I am a hypocrite. I have been one for many years. And I only realized it a few weeks ago, around my 26th birthday.
Birthdays for me are always a time of introspection. I usually do a bit of navel-gazing, sink into self-pity and realize how much more wisely I should have used my time. My conscience, which for some reason speaks to me in the words of Hollywood, tells me mercilessly “You have been weighed, you have been measured, and you have been found wanting”.
I will tell you, Dear Lancet Student Reader, the absolute truth: If I had been born in Sparta, I’d have been thrown into the chasm in Mount Taygetus faster than you can say “late umbilical cord clamping”. You could write a book about all the diseases that run in my family. Sometimes I think they got the name wrong: instead of Harrison it should be “Fuertes’ Principles of Internal Medicine”. There’s thalassemia, thyroids going hypo and hyper -depending on the side of the family-, cardiovascular disease, familial hypercholesterolemia, premature myocardial infarction, major depressive disorder and suicide, early onset colorectal cancer, fibromyalgia… You name it, we either have it or we’re just one mutation away from getting it and passing it on to our defective offspring.
What is even worse is that I do nothing to try to be healthier. Ever since I graduated from high school I have done nothing for my health, just the opposite. This of course means that:
1. I can hardly go up three flights of stairs without seeing my life flash before my eyes. Granny, is that you?
2. Under no circumstances will I risk running for the bus: I’d rather be late than suffer from syncope.
And 3. There’s not enough money in the world that will get me to join a gym.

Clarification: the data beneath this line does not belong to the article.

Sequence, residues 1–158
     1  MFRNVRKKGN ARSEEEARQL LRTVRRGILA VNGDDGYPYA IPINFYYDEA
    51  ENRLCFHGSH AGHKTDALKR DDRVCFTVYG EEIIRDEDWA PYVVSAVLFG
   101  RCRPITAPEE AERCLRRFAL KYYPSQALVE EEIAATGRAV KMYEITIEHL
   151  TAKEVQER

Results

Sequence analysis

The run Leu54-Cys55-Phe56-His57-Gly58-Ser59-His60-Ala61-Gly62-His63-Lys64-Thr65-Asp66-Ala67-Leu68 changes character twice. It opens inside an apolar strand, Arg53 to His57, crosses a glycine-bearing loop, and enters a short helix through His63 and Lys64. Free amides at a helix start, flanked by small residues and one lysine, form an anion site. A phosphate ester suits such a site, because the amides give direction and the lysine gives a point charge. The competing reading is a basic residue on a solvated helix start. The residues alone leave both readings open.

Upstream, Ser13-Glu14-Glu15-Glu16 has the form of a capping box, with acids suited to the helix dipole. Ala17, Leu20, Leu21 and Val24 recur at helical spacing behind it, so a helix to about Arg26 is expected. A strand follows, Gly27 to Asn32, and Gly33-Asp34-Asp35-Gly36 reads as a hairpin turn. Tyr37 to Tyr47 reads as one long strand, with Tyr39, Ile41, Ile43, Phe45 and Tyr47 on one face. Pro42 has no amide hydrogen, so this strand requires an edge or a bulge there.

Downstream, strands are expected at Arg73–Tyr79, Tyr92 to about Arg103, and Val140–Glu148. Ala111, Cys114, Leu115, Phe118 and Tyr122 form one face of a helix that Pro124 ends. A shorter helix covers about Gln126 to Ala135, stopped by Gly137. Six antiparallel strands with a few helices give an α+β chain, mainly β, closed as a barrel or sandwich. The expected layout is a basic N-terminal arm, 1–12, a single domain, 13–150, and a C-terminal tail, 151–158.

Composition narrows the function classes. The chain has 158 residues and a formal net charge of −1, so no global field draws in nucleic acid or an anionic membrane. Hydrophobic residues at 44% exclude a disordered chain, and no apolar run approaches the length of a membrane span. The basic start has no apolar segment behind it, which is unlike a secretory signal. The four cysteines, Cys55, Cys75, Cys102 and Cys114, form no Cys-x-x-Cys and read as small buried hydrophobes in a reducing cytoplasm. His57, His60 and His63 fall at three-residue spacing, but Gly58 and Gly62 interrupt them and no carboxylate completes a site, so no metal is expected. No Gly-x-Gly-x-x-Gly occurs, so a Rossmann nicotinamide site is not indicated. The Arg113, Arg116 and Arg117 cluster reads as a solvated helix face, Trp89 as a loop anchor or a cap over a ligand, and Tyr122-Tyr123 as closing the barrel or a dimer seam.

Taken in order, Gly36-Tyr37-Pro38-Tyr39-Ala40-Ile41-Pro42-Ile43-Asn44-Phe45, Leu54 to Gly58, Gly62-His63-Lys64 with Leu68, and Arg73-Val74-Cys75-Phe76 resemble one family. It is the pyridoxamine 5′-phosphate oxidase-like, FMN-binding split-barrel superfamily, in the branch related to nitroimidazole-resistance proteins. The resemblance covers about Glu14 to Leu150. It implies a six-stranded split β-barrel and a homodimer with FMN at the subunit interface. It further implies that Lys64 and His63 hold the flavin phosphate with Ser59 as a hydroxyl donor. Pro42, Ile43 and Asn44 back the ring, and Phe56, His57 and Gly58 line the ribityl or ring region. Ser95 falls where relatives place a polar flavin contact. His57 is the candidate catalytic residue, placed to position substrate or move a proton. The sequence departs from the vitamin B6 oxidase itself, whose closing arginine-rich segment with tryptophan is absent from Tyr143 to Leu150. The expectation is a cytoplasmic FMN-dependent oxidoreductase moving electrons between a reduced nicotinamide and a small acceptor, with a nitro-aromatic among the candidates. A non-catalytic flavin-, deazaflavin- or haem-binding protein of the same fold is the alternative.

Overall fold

All of this is why I always wondered, how I could possibly look a patient in the eye and tell him that he needed to get some exercise and start eating healthy? How could I honestly say all that if all I could think of doing the moment I got home was opening a bag of chips and watching re-runs of Friends? I couldn’t picture myself living under the hypocrisy of knowing what to do to stay healthy, telling people what to do (even getting mad at them if they didn’t do it) and yet not doing it myself. How can we tell a patient to quit smoking while having a pack of cigarettes in our pocket? I refused to be an agnostic posing as a preacher.
So it all came down to weighing the pros and cons of my current lifestyle and doing something about it… which I did. A few weeks ago I made the momentous decision to try and change my life around. This meant exercising, giving up junk food, cutting back on my coffee, alcohol and cigarettes and overall feeling very miserable, very sore and tired… but healthier!
And how am I doing, you ask? So far, so good. In fact, as I write this, I am still dog-paddling in a sea of endorphins after 25 consecutive minutes of running, courtesy of the NHS Couch to 5k plan podcast (which I emphatically recommend).
I don’t know if you can relate to this experience and I sincerely hope you can’t and stay healthy forever. But if you can and want to take some advice, trust me on this: Lead by example. The best thing I’ve ever done for myself is getting a pair of training shoes and running away from hypocrisy.